Cookies on the DFA website

We use cookies to give the best experience on our site while also complying with Data Protection requirements. Continue without changing your settings, and you'll receive cookies, or change your cookie settings at any time.

Skip to main content

Ambassador Mulhall's lecture to the National Library of Ireland on George Russell (AE), 10th April 2017

George Russell (AE): litrary witness to history, a talk at the National Library of Ireland, 10 April 2017

Introduction: I want to thank Sandra Collins and her staff at this wonderful institution for the invitation to speak here this evening. I have been a regular reader at the National Library over the years and always enjoy coming here and using its iconic Reading Room. Over the decades representing Ireland around the world, I have routinely called on my knowledge of Irish history and literature as a means of profiling Ireland and promoting an understanding of who we are and where we’ve come from. I have spoken on those topics in various countries where I have served and it is a particular pleasure to address an Irish literary-historical topic here in our own National Library.

I have come here this evening out of a conviction that the 150th anniversary of the birth of George William Russell (AE), who was born in Lurgan on the 10th of April 1867, should not pass without proper attention being paid to it. This is because Russell was a significant figure in Ireland during the first third of the 20th century, as a cultural nationalist, an advocate of agricultural cooperation, an occasional political pamphleteer on national issues and a dedicated editor of two influential weekly publications, the Irish Homestead and the Irish Statesman. His reputation has suffered, I think, from being a contemporary of, and thus overshadowed by, W.B. Yeats, but there are very few writers who would not pale in comparison with that great master of the late-romantic lyric and 20th century elegy.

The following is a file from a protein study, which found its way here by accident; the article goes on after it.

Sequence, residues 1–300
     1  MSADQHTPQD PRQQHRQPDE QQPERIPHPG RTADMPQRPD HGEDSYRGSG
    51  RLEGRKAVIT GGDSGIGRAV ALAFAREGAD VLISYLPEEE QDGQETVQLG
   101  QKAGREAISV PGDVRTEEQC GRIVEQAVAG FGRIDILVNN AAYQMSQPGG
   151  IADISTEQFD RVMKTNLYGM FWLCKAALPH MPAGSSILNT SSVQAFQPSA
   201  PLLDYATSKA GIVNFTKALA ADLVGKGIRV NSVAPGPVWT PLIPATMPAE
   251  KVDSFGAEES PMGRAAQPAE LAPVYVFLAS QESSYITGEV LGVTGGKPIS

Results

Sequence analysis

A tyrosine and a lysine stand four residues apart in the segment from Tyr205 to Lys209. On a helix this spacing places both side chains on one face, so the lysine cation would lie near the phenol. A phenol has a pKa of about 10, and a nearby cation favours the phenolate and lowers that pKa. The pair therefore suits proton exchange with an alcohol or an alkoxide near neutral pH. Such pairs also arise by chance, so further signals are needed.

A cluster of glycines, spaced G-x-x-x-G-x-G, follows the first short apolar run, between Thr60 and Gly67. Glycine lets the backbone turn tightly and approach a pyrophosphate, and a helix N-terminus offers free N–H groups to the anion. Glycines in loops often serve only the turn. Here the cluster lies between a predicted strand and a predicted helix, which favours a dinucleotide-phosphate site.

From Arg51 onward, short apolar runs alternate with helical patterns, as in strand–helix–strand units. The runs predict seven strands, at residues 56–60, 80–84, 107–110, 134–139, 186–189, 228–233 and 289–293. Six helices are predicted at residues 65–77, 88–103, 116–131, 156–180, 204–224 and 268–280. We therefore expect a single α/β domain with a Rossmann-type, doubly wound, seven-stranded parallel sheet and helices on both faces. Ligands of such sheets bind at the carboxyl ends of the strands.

I have maintained an interest in George Russell's life and work for many years and this has been rekindled in recent years as the centenary of events in Irish history in which AE was involved encouraged me to dip back into the MA thesis I wrote on him at UCC in the 1970s. My interest in AE began in 1975 when I had just finished my BA and was looking for a possible topic for an MA thesis in Irish history. As I had studied History and English as an undergraduate, I began thinking about the overlap between the two subjects in late-19th and early-20th century Ireland, and naturally the life and work of WB Yeats came into focus.

When I started to explore Yeats's complex relationship with Ireland which runs through so many of his great poems, I soon came across the bearded figure of George Russell nestling in Yeats's literary shadow. Initially, I probably saw him as Joyce depicts him in Ulysses, as a writer of 'dreamy, cloudy, symbolistic' verse, qualities jokingly attributed to AE's vegetarianism producing poetic 'waves in the brain'.

AE’s mysticism: George Russell was first and foremost a mystic. Everything else in his life derived from this fundamental part of his character. In an early letter, written when he was just 19 years of age, he explained his visionary outlook. 'There are', he wrote, 'men who, by continual contemplation of spiritual things, have half withdrawn their souls from the earth into the hereafter.' Such people, and AE clearly saw himself as one of them, chance on what seem to their fellow men to be 'the highest truths.' Elsewhere, he wrote that 'only the imagination kindled at the inner shrine can realise the truth.'

As a member of the Theosophical Society, one of the new age religions of the late-19th century, he strove to draw 'the soul of humanity towards its Higher Self.' Thus AE's spiritual outlook was perhaps more exotic even than Yeats's but also, I would say, more genuine. AE's mysticism was a constant feature in his life. He believed that by communing with the natural world he could obtain a higher form of knowledge and awareness. This mystical outlook also shaped AE's poetry and ultimately his engagement with Ireland.